This editorial was originally published June 16 in the NWI Times.
Late last month, Indiana Farm Bureau announced the formation of the Indiana Broadband Strategic Partnership.
The partnership was conceived as a way to bring broadband internet to communities that are to often overlooked and underserved.
It’s also promoting the Indiana Speed Test, which according to Indiana Farm Bureau is “a crowd-sourced internet speed test created by GEO Partners, LLC, a Minnesota-based company that focuses on enabling cost effective planning and deployment of broadband.”
Internet is basically a public utility at this point. Reliable and fast internet is essential for everyone. Just think of the past 15-plus months. So many Hoosiers worked from home while their children attended school through e-learning.
How many children might have fallen behind without access to broadband?
Too often those children are from underserved communities. Rural areas of the state are especially hard hit by a lack of broadband access.
Indiana Farm Bureau’s initiative is not only welcome but necessary.
“Data is a critical piece to help local broadband groups and the state of Indiana invest where service is needed and to avoid overbuilding infrastructure,” Randy Kron, president of Indiana Farm Bureau, recently said in a statement.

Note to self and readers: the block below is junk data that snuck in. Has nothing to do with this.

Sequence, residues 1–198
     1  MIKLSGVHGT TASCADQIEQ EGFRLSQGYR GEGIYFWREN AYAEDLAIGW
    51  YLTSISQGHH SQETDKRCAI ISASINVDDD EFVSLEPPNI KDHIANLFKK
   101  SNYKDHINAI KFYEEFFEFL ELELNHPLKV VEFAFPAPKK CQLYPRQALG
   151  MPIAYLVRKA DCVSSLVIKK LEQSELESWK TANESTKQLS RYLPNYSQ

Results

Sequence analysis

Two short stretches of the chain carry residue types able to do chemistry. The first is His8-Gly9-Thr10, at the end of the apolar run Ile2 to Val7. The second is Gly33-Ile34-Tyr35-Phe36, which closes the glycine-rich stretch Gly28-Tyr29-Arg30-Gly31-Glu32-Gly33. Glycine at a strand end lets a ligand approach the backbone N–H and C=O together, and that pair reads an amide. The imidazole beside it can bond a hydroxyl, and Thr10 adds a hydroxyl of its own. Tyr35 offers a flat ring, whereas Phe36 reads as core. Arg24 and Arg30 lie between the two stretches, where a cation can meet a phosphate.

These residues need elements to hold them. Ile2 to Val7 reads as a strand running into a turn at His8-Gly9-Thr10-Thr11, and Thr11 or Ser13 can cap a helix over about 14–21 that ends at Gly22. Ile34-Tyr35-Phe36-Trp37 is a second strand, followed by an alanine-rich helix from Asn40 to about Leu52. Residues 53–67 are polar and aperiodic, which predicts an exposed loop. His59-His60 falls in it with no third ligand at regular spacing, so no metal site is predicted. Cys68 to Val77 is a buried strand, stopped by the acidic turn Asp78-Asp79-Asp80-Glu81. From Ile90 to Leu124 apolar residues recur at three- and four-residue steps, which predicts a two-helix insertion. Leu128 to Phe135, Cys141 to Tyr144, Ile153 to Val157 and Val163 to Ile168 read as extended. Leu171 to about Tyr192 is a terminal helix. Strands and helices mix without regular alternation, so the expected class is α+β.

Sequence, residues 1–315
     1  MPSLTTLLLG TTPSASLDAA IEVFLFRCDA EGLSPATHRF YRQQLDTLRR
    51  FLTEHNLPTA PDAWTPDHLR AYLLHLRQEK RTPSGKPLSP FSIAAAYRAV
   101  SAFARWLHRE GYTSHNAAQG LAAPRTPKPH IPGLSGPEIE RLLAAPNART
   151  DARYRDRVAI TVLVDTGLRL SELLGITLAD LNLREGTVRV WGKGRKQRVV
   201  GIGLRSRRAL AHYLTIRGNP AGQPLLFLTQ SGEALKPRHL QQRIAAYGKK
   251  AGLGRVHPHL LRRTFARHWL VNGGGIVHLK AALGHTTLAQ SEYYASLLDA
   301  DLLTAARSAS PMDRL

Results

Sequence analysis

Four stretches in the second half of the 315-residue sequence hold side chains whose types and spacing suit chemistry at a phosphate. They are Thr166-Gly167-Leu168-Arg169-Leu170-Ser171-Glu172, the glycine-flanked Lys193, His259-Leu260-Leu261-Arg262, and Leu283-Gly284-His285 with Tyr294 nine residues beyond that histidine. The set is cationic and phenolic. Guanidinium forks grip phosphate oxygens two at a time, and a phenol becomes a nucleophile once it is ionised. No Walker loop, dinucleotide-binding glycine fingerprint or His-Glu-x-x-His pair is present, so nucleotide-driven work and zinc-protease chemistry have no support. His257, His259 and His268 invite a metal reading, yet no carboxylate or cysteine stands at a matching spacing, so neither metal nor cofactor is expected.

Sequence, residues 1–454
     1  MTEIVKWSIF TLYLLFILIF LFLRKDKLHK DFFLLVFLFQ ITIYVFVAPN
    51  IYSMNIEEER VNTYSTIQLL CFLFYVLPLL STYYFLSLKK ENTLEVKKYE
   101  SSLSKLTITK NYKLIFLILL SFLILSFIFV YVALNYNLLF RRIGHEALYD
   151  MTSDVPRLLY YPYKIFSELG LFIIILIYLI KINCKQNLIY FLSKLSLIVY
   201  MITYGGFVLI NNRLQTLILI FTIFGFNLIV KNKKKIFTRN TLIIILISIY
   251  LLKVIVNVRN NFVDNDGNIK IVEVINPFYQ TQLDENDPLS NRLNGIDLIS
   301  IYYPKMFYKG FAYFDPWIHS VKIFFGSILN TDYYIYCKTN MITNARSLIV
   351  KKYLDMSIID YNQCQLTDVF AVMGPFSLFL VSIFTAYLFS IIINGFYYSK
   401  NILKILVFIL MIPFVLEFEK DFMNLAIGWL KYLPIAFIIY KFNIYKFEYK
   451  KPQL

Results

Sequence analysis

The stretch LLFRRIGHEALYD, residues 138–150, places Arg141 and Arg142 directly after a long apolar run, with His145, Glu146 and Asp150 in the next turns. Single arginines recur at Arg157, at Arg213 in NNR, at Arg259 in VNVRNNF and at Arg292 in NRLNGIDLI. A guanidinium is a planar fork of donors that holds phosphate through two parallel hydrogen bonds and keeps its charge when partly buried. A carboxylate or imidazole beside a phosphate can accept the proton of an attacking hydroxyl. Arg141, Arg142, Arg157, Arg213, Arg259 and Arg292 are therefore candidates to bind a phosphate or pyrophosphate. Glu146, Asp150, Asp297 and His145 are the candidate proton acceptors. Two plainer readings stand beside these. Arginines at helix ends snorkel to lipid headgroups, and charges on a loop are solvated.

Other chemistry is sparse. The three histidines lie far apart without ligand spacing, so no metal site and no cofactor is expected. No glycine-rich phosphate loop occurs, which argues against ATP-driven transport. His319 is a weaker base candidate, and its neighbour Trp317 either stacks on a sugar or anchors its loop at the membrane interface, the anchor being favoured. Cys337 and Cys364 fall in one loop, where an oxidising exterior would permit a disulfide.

The Indiana Speed Test is available at www.infb.org/speedtest.
According to Indiana Farm Bureau, the speed test provides real-time internet speed information from residents. That data then pinpoints areas that are most in need of reliable, affordable access to broadband service.
With that data, those gaps in service can hopefully become filled. Local government and broadband groups can come together and come up with solutions.
This is something that is beyond due in 2021. Internet access is part of our daily lives. We use it to not only work and go to school but to communicate with others, shop, pay bills and so much more.
Indiana Farm Bureau also states that a hope from this project is that the Indiana Speed Test data “will jumpstart efforts to plan broadband infrastructure investments from the local portions of the American Rescue Plan Act of 2021, so that decision-makers make investments with the greatest impact.”
This is a common-sense approach to a real issue that affects so many. Not only is expanding broadband access the right thing to do, it’s the smart thing to do.
The speed test may be performed multiple times on any device that has an internet or cellular connection. The test takes less than one minute to complete, and no personal information will be collected, according to Indiana Farm Bureau.
Kron encouraged all Hoosiers to take part in the test. It seems like a simple request that can lead to a whole lot of good.
Just like with roads, the state and local communities must come together and build and strengthen broadband infrastructure. It’s vital to a successful future.
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